T-helper cell type (Th)2 lymphocytes play an important role in the initiation, progression and persistence of allergic diseases, including asthma. However, little is known about immunoregulatory mechanisms that determine susceptibility to, severity of, or persistence of asthma. The concept of a disturbed Th1/Th2 balance, although having furthered the present understanding of immunoregulation in asthma, has recently been named a "procrustean paradigm", because of its failure to adequately explain many (pre)clinical observations.
In recent years, the general knowledge regarding the regulation of infectious, autoimmune diseases, asthma and allergen immunotherapy by T-regulatory (Treg) cells, has rapidly increased. Many different Treg subsets have been described, including CD8+ Treg cells, natural killer (NK) cells and several different CD4+ Treg cell subsets. In this review, the authors will focus on two major and well-described CD4+ Treg cell subsets.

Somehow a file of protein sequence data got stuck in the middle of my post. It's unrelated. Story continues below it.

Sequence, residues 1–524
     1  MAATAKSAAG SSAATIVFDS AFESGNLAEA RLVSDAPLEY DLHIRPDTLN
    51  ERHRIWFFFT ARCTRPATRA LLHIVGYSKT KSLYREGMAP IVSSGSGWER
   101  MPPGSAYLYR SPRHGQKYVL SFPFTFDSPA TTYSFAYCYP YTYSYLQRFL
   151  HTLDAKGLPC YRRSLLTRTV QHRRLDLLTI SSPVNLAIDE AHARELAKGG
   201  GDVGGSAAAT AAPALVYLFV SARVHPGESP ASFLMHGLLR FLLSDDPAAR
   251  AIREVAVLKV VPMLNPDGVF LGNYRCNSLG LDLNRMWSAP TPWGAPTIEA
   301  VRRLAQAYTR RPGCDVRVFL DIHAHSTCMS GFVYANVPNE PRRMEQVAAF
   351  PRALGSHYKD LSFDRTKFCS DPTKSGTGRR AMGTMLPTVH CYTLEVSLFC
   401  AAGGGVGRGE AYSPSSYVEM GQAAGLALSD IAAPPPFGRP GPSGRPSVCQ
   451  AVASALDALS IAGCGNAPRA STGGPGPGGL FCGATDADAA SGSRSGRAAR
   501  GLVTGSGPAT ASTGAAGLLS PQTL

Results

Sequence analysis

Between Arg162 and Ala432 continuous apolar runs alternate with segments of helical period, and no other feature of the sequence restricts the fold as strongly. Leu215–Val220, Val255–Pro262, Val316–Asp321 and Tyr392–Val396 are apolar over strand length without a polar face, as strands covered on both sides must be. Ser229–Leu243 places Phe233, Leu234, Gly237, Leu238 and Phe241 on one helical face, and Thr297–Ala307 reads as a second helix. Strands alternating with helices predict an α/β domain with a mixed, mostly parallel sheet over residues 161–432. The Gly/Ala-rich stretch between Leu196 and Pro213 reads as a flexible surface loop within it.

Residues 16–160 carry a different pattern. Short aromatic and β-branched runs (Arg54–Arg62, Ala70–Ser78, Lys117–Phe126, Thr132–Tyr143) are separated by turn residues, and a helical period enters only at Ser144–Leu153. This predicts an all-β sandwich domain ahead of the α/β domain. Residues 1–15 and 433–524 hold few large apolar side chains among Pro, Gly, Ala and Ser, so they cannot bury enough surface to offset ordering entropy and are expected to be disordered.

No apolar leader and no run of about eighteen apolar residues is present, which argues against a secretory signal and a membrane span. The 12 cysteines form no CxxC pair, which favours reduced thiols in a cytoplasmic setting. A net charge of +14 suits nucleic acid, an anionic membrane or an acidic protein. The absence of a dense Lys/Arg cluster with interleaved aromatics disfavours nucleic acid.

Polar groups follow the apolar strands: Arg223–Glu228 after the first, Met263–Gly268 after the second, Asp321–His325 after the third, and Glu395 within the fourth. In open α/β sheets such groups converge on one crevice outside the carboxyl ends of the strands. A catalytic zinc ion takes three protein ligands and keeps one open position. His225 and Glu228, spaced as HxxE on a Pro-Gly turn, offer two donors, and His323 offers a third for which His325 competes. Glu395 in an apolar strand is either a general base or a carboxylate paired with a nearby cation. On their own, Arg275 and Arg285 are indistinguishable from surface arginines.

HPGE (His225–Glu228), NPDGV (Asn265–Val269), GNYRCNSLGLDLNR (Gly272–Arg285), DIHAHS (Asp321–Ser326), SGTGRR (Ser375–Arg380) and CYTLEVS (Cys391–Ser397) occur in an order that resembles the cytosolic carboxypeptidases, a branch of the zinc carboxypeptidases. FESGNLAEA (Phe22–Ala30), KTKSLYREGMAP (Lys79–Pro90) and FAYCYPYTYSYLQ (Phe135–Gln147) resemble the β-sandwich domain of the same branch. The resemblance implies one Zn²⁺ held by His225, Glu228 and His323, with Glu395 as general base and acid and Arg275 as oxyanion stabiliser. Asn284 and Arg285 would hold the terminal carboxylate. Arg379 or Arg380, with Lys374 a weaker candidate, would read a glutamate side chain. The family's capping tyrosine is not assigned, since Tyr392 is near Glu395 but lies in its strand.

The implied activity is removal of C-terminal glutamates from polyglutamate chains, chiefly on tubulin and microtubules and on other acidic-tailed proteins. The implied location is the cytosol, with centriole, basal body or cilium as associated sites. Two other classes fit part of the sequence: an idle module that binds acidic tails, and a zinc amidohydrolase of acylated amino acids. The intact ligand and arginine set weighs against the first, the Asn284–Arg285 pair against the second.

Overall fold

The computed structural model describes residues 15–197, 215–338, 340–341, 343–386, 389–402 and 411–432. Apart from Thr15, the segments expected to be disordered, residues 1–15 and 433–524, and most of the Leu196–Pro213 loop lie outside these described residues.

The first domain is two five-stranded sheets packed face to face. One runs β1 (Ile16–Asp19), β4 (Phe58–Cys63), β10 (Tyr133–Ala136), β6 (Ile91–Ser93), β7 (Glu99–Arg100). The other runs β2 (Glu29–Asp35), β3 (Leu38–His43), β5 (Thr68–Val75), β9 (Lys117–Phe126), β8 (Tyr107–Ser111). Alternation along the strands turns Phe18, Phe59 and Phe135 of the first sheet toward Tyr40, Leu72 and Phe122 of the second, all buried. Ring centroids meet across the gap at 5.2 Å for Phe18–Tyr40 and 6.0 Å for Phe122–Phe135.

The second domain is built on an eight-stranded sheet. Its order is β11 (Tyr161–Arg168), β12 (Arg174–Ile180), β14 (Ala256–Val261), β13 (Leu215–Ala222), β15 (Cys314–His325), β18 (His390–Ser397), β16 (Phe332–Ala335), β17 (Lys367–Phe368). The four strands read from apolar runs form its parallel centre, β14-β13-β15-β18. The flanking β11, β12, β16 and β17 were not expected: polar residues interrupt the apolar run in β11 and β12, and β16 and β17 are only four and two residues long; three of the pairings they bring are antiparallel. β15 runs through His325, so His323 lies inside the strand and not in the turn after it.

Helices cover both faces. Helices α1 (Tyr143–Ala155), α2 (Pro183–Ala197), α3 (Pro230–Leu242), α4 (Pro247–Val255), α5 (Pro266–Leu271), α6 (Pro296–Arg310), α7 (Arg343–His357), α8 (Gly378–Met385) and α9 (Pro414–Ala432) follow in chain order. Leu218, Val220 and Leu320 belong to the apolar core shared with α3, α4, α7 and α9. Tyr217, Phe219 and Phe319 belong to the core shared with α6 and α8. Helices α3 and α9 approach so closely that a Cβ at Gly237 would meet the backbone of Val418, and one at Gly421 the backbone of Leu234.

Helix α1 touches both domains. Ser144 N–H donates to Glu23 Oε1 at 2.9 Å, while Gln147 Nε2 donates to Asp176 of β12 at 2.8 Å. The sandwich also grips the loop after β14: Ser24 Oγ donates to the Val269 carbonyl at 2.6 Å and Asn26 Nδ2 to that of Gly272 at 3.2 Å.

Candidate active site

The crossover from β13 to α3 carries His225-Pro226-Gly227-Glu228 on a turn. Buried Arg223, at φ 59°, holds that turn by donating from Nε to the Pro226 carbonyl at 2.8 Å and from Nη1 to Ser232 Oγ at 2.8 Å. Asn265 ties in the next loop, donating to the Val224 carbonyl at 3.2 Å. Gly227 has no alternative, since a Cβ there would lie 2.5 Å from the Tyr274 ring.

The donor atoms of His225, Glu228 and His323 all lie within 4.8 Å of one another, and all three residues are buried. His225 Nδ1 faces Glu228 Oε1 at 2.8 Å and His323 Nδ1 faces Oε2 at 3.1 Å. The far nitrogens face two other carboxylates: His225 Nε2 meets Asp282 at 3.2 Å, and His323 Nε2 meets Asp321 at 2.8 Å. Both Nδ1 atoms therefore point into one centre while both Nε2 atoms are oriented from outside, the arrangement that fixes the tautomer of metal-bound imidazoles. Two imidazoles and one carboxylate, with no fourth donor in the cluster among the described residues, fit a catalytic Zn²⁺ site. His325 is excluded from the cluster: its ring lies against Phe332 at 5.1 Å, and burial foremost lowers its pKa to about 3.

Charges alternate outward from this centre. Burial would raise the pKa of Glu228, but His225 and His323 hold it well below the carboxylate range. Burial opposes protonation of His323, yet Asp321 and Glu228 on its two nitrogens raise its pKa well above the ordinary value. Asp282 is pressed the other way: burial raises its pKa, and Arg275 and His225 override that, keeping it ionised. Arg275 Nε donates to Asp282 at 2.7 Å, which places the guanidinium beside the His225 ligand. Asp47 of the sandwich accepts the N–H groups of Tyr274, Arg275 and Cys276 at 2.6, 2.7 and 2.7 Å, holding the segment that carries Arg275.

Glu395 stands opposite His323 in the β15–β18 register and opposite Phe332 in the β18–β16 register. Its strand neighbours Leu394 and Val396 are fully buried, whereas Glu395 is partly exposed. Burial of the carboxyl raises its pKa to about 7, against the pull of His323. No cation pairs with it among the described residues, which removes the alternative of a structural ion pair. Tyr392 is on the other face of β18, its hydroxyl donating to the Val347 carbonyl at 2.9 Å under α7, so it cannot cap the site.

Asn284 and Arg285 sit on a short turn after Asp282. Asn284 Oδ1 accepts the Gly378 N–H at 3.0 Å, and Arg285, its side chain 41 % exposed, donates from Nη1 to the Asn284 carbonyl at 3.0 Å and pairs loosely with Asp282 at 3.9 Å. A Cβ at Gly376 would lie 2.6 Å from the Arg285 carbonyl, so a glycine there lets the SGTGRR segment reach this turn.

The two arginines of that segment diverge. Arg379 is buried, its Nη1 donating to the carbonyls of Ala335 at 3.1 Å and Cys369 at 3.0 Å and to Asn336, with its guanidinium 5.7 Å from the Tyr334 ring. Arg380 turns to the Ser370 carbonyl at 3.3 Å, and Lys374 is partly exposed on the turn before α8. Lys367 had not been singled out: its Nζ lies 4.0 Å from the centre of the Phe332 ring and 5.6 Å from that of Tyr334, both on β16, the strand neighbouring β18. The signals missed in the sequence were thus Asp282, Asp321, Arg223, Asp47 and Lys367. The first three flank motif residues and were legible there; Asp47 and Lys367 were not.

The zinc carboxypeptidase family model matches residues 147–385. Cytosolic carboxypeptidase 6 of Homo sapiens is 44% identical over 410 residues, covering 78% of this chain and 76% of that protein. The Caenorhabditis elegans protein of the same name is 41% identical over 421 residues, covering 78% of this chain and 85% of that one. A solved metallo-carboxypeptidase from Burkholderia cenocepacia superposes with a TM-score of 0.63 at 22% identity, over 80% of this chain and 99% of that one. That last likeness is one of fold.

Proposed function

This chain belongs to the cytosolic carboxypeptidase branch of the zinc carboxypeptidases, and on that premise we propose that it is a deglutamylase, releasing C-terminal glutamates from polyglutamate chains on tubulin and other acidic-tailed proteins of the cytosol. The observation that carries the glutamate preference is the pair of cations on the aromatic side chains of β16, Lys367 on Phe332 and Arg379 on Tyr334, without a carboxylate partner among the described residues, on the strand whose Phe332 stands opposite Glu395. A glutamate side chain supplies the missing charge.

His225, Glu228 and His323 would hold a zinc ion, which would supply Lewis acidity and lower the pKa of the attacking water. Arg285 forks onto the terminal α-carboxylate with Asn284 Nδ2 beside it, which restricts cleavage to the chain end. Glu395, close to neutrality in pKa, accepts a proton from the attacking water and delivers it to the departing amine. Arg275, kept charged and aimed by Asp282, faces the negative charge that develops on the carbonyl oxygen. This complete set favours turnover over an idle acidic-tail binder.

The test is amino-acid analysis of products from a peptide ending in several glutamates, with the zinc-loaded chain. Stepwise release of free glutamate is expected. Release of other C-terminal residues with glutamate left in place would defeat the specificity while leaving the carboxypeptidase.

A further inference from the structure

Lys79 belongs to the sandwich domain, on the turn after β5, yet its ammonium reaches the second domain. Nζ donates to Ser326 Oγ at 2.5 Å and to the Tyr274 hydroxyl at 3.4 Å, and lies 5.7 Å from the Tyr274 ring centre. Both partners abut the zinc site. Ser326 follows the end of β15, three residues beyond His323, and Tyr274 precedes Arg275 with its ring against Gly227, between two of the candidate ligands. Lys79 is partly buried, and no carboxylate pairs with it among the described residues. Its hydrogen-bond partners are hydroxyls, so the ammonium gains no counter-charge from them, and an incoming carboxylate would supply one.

In this review, the authors will focus on two major and well-described CD4+ Treg cell subsets. These consist of naturally occurring CD25+ Treg cells and adaptive Treg cells that are postulated to prevent immune responses against self-antigens and adaptive immune responses, respectively.
The adaptive T-regulatory cells are further subdivided into T-regulatory cells type 1 and T-helper cell type 3 that mediate suppression exclusively via the cytokines interleukin-10 and transforming growth factor-beta, respectively.